“We have religious freedom in Canada and if there’s a very specific reason why people, for religious purposes, don’t want their children (to attend), that is an option that they have. The overwhelming majority of our students will participate now that we require Remembrance Day services to be part of school activities.”
<*R><BI>— Manitoba Premier Greg Selinger, Nov. 9, 2012, in defence
of his position that students should not be forced to attend Remembrance Day services.
“At the end of the day, I’m not going to let faith-based schools opt out of providing a safe and caring environment for their students.”
<*R><BI>— Manitoba Education Minister Nancy Allan, Feb. 25,
after the province’s proposed school anti-bullying law
drew criticism from religious schools.
Residents of Brandon West began receiving mail drop pamphlets featuring a full colour picture of their Progressive Conservative MLA, Reg Helwer, a large red poppy and a tag line stating that Manitoba Tories “will honour our veterans.”
On the other side of that postcard-sized ad is a rather unflattering picture of Manitoba Premier Greg Selinger in front of a row of military crosses, stating that for Selinger, “respect is optional.”
Since the little attack ad lacks any detailed contextual information to tell voters what they’re alluding to, we are forced to assume the Tories are referring to Selinger’s words above that he uttered just before Remembrance Day last November.
This particular anti-NDP rant falls several months too late — Remembrance Day took place nearly four months ago, folks. However, though the flyer will likely fail to connect itself to Selinger’s ham-handed opt-out comments of last year, it does underscore the province’s lack of a clear policy on religious freedom, especially in light of this week’s dust-up over the NDP’s proposed anti-bullying legislation.
Last Sunday, more than 1,200 parents, students and community members attended a meeting in Steinbach over the province’s Public Schools Amendment Act, otherwise known as Bill 18. As the National Post reported, Manitoba’s proposed legislation defines bullying broadly, as any behaviour “intended to cause, or should be known to cause, fear, intimidation, humiliation, distress or other forms of harm to another person’s body, feelings, self-esteem, reputation or property.”
And like similar legislation in Ontario, it would require that schools — private and public alike — allow gay straight alliances, in spite of the fact that many in the Christian community believe that homosexuality is wrong.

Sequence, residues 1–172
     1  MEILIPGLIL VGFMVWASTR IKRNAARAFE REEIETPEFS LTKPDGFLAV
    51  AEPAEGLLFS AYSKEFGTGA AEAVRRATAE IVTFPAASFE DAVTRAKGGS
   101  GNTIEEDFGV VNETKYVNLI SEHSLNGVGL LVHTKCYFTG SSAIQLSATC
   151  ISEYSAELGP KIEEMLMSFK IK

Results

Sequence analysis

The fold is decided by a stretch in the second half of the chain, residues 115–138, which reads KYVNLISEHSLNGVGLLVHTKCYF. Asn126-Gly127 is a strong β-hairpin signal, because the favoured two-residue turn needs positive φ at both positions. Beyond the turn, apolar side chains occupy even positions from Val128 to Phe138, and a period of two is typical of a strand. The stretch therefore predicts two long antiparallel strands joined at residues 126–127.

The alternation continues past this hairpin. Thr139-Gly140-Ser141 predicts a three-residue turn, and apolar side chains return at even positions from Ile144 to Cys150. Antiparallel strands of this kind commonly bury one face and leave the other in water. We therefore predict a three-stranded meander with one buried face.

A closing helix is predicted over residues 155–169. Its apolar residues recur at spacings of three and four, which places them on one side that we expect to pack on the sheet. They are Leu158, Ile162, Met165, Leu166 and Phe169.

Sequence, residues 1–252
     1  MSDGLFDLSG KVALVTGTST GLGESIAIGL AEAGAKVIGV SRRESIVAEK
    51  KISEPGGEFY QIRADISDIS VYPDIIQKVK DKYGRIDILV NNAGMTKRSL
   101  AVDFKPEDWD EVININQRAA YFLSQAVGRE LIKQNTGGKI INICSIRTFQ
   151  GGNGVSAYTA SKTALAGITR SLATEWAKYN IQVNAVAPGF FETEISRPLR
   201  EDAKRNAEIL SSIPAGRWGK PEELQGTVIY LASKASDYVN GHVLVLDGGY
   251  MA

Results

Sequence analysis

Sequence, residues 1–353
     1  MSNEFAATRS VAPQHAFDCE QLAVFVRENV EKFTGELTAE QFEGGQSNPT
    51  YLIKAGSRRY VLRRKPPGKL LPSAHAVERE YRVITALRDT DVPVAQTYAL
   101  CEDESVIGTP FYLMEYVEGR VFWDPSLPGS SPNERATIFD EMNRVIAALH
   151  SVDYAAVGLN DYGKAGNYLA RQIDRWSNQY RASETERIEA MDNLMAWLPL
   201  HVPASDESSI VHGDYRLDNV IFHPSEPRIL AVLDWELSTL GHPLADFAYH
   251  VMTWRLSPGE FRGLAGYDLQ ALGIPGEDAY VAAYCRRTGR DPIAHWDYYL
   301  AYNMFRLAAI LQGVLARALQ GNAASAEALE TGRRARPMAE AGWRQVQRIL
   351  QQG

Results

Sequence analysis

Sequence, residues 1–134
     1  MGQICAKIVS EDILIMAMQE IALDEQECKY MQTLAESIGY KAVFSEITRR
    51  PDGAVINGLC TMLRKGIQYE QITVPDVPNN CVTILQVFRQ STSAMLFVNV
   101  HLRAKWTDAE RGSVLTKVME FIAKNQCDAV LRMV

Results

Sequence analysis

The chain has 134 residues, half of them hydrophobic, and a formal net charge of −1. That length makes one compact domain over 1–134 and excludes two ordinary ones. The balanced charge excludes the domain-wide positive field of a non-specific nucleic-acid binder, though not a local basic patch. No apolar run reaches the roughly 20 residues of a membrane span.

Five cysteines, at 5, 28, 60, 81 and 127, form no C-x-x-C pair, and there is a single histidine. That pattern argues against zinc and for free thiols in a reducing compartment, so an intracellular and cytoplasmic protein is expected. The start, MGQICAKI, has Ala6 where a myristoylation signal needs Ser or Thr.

“Parents are making a significant economic decision to send their children to our school and they’re doing so because they share the same values as the school would,” Steinbach Christian High School principal Scott Wiebe told the Post. “We currently meet all the requirements for funded independent schools in Manitoba and ... (but) our acceptance of funding shouldn’t come at a cost to a charter right, which is freedom of religion.”
The principal of Winnipeg’s Linden Christian School, Rovert Charach, went so far as to say that the province’s communities of faith “feel that they’re being bullied by this process.”
Yet in spite of the opposition to the bill, Education Minister Nancy Allan has firmly rejected pleas to allow religious schools to opt out of the legislation.
In our opinion, private schools that take public funding for their operations should be prepared to adhere to provincial statutes when it comes to matters of education and safety, if and when required by the government.
But that doesn’t excuse the NDP’s hypocrisy regarding the defence and denial of religious freedoms when it suits them.
For Manitoba’s premier to allow students to opt out of Remembrance Day observance based on “religious freedom,” but then allow his ministers to deny those freedoms for schools when their teachings conflict with the political determinations of the government smacks of ineptitude.
There is a lack of subtlety and nuance here that should concern Manitobans — these kinds of mixed messages imply that the NDP lacks a cohesive overall policy and direction. And this becomes a question of leadership that goes right back to the premier’s office.